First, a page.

Why Hartlepool MP voted with Government on Brexit proposals

Aaron Brown
June 18, 2018

Dominic Grieve, the former Attorney General who has led the charge for Parliament to have a greater say in the Brexit negotiations, was reportedly angry at the amendment.

May avoided nearly certain defeat in the Commons on Tuesday by assuring rebels that their concerns about having a "meaningful vote" on the final Brexit deal would be addressed.

Instead, MPs would be allowed to vote only on a "neutral" motion, confirming that they have considered a statement by a minister on the issue.

"My intention is to support Dominic Grieve in the amendment that he put before the house, because that's what I publicly stated last Tuesday", he told Sky's Sophie Ridge on Sunday show.

"I voted on Tuesday to make sure that the sovereign institution of this nation, our Parliament, gets its full sovereign right to review our new relationship with the trading partners we will have in future".

This includes a call for a more "meaningful vote" on the Brexit process for MPs.

Conservative rebels have said they're prepared to bring down the Government this week if Parliament isn't granted a meaningful vote over the final Brexit deal - while a minister who recently resigned over the issue has said others may follow.

Labour's Shadow Brexit Secretary Keir Starmer said: "The Government's amendment is simply not good enough".

May is struggling to unite the Conservative Party around her plan for leaving the European Union, trying to balance the demands of those who want the closest possible ties with the bloc and others who want a clean break.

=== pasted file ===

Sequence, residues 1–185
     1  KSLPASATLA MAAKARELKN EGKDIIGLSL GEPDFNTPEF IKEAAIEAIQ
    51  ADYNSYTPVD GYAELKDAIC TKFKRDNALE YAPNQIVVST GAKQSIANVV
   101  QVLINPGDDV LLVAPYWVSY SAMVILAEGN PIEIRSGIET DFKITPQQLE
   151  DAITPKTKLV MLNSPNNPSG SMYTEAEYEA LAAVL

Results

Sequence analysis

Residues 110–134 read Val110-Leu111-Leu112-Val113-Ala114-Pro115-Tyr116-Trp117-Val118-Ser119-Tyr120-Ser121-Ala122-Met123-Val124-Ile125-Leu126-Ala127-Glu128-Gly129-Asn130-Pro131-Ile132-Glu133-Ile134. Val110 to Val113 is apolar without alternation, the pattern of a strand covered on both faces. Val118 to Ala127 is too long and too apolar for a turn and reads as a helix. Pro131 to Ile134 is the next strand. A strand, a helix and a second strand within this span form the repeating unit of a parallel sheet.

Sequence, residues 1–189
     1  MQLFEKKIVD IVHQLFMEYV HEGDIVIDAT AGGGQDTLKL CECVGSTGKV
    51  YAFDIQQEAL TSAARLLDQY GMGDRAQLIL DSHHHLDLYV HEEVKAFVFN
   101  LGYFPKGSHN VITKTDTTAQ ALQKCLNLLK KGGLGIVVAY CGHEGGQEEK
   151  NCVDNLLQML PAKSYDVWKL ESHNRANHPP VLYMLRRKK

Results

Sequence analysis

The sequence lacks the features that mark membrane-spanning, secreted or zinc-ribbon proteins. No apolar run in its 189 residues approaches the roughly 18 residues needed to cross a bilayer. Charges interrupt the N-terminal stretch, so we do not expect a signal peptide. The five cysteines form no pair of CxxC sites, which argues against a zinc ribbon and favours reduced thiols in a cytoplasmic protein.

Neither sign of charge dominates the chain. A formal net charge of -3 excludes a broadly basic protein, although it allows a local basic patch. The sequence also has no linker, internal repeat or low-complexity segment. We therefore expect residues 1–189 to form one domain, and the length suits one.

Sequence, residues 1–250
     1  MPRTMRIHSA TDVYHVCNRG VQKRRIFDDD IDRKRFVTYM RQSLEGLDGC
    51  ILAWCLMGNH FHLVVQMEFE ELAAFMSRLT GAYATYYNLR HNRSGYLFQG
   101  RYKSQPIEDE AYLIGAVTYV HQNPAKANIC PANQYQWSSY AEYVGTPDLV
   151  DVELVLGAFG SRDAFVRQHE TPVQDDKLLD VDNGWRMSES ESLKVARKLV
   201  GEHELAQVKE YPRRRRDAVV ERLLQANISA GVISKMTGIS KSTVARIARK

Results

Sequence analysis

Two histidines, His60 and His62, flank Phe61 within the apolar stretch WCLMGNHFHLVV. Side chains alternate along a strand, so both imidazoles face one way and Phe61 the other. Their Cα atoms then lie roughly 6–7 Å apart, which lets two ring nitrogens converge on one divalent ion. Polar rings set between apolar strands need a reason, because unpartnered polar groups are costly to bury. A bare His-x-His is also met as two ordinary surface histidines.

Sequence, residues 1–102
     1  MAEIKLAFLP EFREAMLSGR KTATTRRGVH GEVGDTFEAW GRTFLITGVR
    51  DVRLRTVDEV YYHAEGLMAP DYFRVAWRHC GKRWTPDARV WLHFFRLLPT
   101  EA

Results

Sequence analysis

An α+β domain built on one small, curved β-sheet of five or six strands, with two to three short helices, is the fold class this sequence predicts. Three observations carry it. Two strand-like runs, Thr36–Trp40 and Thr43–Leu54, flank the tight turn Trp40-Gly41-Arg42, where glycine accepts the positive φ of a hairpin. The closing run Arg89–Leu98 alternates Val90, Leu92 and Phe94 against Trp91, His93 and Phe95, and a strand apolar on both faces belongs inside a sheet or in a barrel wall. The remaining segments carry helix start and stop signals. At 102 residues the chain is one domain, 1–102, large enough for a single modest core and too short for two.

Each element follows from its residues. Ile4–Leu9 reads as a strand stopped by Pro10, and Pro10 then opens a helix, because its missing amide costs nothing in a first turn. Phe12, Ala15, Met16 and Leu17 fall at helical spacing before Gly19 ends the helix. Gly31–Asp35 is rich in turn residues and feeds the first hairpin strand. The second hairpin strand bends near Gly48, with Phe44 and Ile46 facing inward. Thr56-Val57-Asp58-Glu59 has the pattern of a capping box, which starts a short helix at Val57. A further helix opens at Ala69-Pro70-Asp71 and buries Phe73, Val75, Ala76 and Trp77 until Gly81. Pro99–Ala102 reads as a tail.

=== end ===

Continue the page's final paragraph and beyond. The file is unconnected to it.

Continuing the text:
Pro-EU Conservative lawmaker Anna Soubry tweeted: "Deal or no deal, parliament will have a meaningful vote and to be clear there will be no hard #Brexit when the EUWithdrawal Bill is passed".

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Pro-EU Tories were quick to voice their anger.

A United Kingdom government's compromise to avoid a Commons defeat on Brexit has been rejected as "unacceptable" by leading rebel Dominic Grieve.

"Grateful for the conversations but without consultation what was agreed earlier today has been changed", she said.

"Theresa May has gone back on her word and offered an amendment that takes the meaning out of the meaningful vote".

Sarah Wollaston, who is also unhappy with the current state of the government's flagship Brexit bill, claimed a compromise agreed with ministers had "acquired a sneaky sting in the tail" by the time it was formally tabled.

Her concession to discuss the changes may mean lawmakers could have more power if she fails to secure a Brexit deal, possibly leading to a softer approach to Britain's divorce.

For now, May saw off a revolt that would have challenged her authority at a time when she is increasingly under pressure to move ahead with all-but-stalled Brexit talks in Brussels by offering a more detailed plan.

The government agreed to discuss elements of a rebel plan to create new checks and balances on the Brexit deal, and where possible incorporate them into the laws that will formally end Britain's European Union membership.

Mr Davis would not be drawn on the details, saying the proposal would meet three criteria: that it does not overturn the referendum result, does not undermine negotiations and does not change the country's constitutional structure which involves the government negotiating.

Other reports by Free-Prsite

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